This TA aims to support regulatory reforms in line with international good practices, covering the financial sector (banking, insurance, and securities) of DMCs in East and Southeast Asia. 6 The TA will examine the relevance of the global reform issues and their implications for emerging Asian economies, strengthen macro-prudential supervision of the DMCs through knowledge sharing, and help improve national regulatory systems and promote harmonization of national regulations and practices in line with global standards.
The TA will address the issues of regulatory reforms from a new post-crisis perspective. It will (i) examine how Asian economies translate the lessons of the recent global financial crisis into appropriate policies and reform measures in terms of macro-prudential supervision relative to micro-prudential supervision; (ii) assess the robustness of financial sector policies or reforms to buffer any systemic vulnerability to financial crises, and the extent of their contribution to financial soundness and stability; and (iii) help develop the strategic direction of the financial policies and regulatory reforms through consultations with officials from DMC finance ministries, central banks, and supervisory agencies.
|Project Rationale and Linkage to Country/Regional Strategy
The global financial crisis that emerged from the meltdown of the mortgage market in the United States in 2007 and spread to the world in 2008 2009 highlighted deficiencies and weaknesses in the current international financial architecture as well as national financial regulatory systems. In response to these, the Group of Twenty (G-20) leaders made commitments to build a more resilient financial system. Subsequently, G-20 finance ministers and central bank governors, in consultation with the International Monetary Fund, tasked the Basel Committee on Banking Supervision and the Financial Stability Board (FSB) to recommend ways to strengthen oversight and supervision of the financial sector, with the aim of building a resilient international financial system that can withstand shocks and mitigate their adverse effects on the real economy.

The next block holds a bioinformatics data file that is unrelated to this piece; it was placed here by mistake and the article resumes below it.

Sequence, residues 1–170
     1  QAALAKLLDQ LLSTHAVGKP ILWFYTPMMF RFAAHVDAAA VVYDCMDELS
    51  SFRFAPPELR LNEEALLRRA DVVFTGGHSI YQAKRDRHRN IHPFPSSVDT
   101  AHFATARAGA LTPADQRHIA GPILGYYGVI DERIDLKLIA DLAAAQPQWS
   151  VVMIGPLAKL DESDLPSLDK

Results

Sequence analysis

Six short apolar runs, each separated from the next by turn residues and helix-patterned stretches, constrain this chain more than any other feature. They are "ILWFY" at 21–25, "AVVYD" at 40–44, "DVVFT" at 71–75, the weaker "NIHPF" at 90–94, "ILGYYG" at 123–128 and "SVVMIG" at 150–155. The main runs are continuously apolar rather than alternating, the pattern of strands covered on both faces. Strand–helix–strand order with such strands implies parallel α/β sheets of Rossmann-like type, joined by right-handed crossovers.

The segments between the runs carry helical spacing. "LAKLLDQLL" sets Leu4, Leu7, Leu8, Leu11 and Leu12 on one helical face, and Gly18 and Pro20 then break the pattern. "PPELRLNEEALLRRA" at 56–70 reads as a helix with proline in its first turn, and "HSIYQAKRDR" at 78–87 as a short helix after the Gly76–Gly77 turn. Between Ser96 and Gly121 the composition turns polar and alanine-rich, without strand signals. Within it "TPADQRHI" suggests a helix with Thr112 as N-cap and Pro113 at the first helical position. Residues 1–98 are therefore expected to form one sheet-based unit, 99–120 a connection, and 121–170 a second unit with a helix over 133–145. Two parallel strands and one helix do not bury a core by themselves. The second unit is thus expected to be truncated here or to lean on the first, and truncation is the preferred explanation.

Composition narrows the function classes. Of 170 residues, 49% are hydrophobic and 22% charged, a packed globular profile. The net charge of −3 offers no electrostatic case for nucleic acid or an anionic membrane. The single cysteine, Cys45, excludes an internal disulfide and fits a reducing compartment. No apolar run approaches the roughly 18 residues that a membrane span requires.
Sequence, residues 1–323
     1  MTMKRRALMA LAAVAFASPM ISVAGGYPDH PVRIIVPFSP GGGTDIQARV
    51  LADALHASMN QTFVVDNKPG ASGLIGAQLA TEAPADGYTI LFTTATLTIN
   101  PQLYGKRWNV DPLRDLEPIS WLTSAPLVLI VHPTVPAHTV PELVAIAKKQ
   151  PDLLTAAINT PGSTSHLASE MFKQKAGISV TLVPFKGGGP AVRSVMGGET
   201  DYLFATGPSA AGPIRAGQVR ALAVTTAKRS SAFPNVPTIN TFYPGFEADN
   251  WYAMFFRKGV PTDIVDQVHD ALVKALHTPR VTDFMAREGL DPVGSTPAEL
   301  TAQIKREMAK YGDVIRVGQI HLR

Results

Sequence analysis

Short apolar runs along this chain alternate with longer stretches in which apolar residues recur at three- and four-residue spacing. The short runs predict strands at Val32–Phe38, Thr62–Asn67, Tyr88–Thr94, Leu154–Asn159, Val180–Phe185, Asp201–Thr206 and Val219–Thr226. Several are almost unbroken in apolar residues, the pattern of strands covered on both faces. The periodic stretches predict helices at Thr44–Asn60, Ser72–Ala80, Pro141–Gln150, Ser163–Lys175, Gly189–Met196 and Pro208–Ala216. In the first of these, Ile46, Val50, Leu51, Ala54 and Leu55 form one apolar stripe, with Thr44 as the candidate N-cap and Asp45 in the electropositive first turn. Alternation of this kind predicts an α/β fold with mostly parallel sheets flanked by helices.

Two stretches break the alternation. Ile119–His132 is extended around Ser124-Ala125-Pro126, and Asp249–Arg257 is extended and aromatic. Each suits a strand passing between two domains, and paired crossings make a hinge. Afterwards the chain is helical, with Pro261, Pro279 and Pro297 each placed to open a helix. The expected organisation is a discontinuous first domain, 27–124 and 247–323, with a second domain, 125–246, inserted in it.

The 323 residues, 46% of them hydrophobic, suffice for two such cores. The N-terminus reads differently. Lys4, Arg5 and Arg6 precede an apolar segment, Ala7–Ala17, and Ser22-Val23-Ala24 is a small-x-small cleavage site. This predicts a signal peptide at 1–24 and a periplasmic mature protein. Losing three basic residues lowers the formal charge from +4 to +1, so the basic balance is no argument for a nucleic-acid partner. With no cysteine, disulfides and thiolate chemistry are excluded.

Much progress has been made since the first commitments made by the G-20 leaders at the Washington summit in November 2008. In accordance with the G-20's guiding principles, the FSB and its constituents sculpted specific reform proposals to strengthen financial stability. The first concrete outcome was the Basel III package of capital and liquidity reforms, which was endorsed by the G-20 leaders at the November 2010 Seoul summit. The new rules are planned to be implemented from January 2013 and are expected to be fully phased in by 1 January 2019. In February 2011, the FSB reported progress in the implementation of the G-20 recommendations on financial regulation. The report outlined further work toward dealing with systemically important financial institutions, strengthening the regulation and oversight of the "shadow banking" system, improving over-the-counter derivatives market and credit rating agencies, developing macro-prudential frameworks, and making progress in international harmonization of high-quality accounting standards.
These reforms have focused on strengthening global regulatory guidelines such as the Basel III standards, filling the regulatory gaps, and broadening the coverage. However, there is not yet an effective and collaborative implementation mechanism at the national level. As the urgency of the crisis fades, the push for reforms also seems to be weakening, which makes it harder to achieve the political cohesion needed to establish a harmonized cross-border regulatory environment.
The Asian Development Bank (ADB), as the region's main development bank and multilateral body for policy counseling, plays an important role in providing an avenue for policy dialogues and cooperation in the region. Strategy 2020 underscores the importance of providing knowledge platforms to ADB's developing member countries (DMCs). In addition, ADB's recently approved financial sector operational plan prepared by the Office of Regional Economic Integration (OREI) aims to respond better to the region's need for financial sector development and ensure the quality and consistency of its operations. This research and development technical assistance (TA) will promote the region's financial sector development and policy cooperation in line with the financial sector operational plan, hence serving OREI's core mandate.